All American Urological Association members can thrive under 'big tent,' says AUA president

August 1, 2012

The AUA is challenged with staying fair and relevant to all urologists under the "big tent," even though academic-employed urologists, non-academic-employed urologists, those in private practice, and those in large group practices may have different priorities and problems.

The AUA is challenged with staying fair and relevant to all urologists under the "big tent," even though academic-employed urologists, non-academic-employed urologists, those in private practice, and those in large group practices may have different priorities and problems. That is a key message from Dennis A. Pessis, MD, who discusses his goals as AUA president in 2012-'13 in this exclusive interview. Dr. Pessis is professor of urology at Rush University Medical Center in Chicago. He was interviewed by J. Brantley Thrasher, MD, professor and chair of urology at the University of Kansas Medical Center, Kansas City.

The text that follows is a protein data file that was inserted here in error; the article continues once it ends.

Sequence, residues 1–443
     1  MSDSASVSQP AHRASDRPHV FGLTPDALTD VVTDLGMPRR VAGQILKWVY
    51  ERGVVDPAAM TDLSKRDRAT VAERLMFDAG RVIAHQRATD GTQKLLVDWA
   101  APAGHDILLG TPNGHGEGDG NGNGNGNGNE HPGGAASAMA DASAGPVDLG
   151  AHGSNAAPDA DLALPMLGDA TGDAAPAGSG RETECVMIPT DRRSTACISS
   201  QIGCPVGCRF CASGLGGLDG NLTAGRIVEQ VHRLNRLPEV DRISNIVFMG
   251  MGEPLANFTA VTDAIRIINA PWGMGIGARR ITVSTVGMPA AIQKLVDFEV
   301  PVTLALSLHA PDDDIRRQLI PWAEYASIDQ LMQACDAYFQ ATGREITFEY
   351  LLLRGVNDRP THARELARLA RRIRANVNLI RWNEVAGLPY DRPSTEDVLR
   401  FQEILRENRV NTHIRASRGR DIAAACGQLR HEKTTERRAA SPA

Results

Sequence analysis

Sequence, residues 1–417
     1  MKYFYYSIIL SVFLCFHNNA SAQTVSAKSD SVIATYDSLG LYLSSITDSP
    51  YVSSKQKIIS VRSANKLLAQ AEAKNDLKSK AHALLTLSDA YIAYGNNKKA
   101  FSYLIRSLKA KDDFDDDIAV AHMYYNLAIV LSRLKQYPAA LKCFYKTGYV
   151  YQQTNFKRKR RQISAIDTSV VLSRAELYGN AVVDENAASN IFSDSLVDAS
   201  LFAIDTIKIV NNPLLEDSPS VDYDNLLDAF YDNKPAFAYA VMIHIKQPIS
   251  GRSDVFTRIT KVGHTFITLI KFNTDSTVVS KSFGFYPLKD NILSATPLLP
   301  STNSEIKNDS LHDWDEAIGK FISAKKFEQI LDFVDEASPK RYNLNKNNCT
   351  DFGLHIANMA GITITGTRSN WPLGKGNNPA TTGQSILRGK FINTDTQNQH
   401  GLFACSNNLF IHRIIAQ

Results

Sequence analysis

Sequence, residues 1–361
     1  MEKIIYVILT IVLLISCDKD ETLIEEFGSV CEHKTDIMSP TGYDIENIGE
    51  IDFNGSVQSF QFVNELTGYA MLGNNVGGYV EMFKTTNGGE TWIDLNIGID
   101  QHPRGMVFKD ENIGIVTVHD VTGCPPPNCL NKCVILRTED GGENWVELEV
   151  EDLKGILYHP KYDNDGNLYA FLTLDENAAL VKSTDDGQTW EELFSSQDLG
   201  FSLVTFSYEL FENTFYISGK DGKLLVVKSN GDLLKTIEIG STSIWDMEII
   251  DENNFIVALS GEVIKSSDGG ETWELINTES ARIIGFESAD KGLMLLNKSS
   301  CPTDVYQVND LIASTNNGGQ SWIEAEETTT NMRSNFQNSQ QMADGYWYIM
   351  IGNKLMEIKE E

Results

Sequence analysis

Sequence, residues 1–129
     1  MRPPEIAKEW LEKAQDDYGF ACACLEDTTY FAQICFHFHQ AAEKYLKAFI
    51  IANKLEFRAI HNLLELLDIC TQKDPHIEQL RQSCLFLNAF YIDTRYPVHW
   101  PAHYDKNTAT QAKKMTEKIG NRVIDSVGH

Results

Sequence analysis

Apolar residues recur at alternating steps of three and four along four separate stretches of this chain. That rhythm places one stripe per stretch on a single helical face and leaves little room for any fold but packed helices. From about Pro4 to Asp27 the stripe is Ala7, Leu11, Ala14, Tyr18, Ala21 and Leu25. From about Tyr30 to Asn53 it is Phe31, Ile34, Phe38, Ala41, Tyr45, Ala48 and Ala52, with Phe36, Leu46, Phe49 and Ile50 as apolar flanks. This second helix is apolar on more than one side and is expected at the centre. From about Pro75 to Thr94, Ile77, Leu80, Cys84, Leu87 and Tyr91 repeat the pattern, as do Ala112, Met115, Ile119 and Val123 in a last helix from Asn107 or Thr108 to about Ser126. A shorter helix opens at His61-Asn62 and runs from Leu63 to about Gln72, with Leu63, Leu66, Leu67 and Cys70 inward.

Q What are the primary issues and concerns that face the AUA and its membership over the next year as you see it?

It's important to realize that we also have a lot of common problems that we can work on together. If we understand the common problems that we have to solve, it becomes easier to prioritize those issues that we may not have in common.